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This question on sustainable economy has received a close-vote.

Is this site about sustainability in the narrow sense (resources of the Earth), or does it include sustainability in the wider sense: economic sustainability (e.g. an economic system that can be sustained without inevitably collapsing), social sustainability (e.g. not depleting human resources)?

The site name, sustainable living, does not really indicate either way.

Edit: here is another economic question.

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Sustainable economy should be on-topic. Economic policies as they relate to other issues of sustainability should be. Family-level economic strategies for sustainability should also be.

Wikipedia is clear that economy is a significant piece of the sustainable living domain.

But it appears that the question on sustainable interest is likely to spark debate rather than simple answers. Is that a problem with the question or with those answering it? Seems to me that answering the question "Yes, interest is sustainable and here's why..." and then not engaging in the back and forth prevents any unpleasantness. Then, that question and it's answers are out there and if others ask similar questions, we can call it a dupe, refer people to the original and close them. Why is that a worse approach?

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    I do not disagree so long as the questions are constructive. Debate over economic policy, wether it will work, if it is good, etc is not constructive. Both of the questions listed are not constructive debate questions. – user141 Feb 6 '13 at 20:33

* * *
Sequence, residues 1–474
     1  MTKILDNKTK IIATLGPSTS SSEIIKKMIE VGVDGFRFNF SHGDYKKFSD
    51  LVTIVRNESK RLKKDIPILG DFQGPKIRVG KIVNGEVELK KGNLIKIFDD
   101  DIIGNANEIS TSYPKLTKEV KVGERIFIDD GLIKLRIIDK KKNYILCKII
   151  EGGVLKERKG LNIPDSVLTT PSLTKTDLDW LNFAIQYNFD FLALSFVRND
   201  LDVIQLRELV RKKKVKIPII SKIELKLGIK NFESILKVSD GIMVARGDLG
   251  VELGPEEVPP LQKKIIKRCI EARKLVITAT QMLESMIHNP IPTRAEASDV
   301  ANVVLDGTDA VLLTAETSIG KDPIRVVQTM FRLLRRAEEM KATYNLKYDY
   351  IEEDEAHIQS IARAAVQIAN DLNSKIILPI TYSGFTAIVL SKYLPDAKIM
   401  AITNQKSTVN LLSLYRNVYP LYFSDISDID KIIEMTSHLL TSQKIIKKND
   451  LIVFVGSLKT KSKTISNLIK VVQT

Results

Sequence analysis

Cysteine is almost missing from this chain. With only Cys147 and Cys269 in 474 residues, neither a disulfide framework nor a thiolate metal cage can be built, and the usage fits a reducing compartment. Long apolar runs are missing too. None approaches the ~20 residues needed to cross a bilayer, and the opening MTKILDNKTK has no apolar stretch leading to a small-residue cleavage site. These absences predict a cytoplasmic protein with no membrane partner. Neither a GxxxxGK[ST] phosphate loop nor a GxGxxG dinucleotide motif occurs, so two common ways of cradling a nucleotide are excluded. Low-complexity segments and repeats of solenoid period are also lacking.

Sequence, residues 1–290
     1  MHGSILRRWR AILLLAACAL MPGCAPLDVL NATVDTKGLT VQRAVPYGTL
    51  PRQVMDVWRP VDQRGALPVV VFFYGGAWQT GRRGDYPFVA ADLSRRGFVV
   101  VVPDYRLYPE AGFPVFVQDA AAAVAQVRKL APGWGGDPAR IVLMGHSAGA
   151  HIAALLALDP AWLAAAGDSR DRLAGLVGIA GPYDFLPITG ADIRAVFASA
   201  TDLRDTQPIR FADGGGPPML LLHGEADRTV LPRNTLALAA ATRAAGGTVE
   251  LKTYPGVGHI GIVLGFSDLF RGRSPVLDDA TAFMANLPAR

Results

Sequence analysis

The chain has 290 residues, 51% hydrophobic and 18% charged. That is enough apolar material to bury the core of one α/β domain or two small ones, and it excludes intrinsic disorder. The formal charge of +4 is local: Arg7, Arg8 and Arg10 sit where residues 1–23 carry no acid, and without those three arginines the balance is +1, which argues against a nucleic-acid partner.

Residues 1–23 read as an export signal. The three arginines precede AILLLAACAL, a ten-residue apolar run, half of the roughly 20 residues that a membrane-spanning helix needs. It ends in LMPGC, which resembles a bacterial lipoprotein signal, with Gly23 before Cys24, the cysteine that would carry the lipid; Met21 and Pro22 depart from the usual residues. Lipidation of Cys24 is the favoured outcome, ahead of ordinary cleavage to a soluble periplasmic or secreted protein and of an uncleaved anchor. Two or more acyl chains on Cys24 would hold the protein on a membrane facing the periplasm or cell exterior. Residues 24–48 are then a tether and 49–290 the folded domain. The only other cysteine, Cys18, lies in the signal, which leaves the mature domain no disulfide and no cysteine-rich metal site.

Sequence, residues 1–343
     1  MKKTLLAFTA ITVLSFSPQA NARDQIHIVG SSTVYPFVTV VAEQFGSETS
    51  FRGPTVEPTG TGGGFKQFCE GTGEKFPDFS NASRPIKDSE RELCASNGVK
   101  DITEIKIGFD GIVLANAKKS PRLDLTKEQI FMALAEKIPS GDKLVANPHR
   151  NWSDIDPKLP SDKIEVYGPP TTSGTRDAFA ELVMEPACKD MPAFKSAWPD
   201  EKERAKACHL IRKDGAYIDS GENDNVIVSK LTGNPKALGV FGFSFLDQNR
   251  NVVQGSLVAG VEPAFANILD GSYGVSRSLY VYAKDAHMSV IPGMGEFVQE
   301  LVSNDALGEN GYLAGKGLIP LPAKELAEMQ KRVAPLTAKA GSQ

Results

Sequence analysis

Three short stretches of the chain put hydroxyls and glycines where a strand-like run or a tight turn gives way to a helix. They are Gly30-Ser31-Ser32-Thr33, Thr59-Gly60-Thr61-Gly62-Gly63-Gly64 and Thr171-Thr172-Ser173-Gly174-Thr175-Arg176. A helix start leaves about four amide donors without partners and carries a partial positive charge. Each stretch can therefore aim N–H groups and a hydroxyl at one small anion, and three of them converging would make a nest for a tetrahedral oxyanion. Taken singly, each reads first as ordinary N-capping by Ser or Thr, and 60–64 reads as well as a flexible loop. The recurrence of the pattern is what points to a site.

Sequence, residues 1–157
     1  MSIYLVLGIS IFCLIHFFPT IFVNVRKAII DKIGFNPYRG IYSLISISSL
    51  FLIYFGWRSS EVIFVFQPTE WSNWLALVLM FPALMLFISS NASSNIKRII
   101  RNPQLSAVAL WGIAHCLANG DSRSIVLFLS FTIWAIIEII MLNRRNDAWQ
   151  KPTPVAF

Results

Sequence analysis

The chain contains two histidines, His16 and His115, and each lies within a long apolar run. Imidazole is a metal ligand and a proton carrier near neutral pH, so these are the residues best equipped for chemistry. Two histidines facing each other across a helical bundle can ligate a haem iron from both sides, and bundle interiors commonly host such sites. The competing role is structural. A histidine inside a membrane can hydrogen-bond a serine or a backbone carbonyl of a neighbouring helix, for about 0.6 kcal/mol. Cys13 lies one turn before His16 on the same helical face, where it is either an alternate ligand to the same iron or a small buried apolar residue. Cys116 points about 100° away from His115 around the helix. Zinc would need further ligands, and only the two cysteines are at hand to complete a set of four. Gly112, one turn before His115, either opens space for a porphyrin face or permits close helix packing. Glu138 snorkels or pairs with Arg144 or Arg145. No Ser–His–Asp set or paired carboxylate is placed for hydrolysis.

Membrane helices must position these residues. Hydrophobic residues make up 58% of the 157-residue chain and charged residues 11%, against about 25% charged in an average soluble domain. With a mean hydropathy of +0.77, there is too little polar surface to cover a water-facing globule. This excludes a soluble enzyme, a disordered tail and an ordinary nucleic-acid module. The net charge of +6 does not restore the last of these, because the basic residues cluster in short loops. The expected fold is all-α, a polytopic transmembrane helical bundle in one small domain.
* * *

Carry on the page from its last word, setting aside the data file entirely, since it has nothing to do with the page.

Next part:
• @Chad, I think it's tragic that on these stack exchange sites, debate can be asserted to be not constructive. Debate based on unsubstantiated assertions is one thing (vote those answers down). Competing answers, that offer substantiated claims, or evidence, is absolutely constructive, and crucial for good policy making (at the macro or micro level). – Nate May 5 '13 at 2:02
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The problem with that particular question is that it's based on a false premise. It is, however, a premise that's achieved a lot of traction across the interwebs, particularly from the crankonomics crowd. As such, this question will become a real magnet for the Austrian Schoolers and others who will just use the question as a platform to troll on.

And money per se is just a medium of exchange. And now that it's almost entirely digital, there really isn't a sustainability aspect to it. There might have been once, when most money was paper and/or metal, but those days are gone.

So whereas I do agree that there are real, constructive, on-topic questions that will relate to economics, I don't think this particular one is. A very similar question was rather unconstructive during the commitment stage.

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    I'm not familiar with the phrase crankonomics, but the question you link to is completely valid and I don't think the premise is false at all. Also, it's not a premise to the question: it is the question. – gerrit Jan 30 '13 at 10:30
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    I don't think a question being based on a false premise should be grounds for closure. I think that's a great reason why it should be allowed. An answer that debunks a false premise would then be a very useful answer. I think environmentalism in general is choc full of peoples' false premises, and a good Q+A site should help fix that. Also, I don't think the question was really about whether having to physically print or coin more and more money is sustainable. I read it as asking whether the system encouraged unsustainable growth in the broader economy: non-financial goods/services. – Nate May 5 '13 at 1:57

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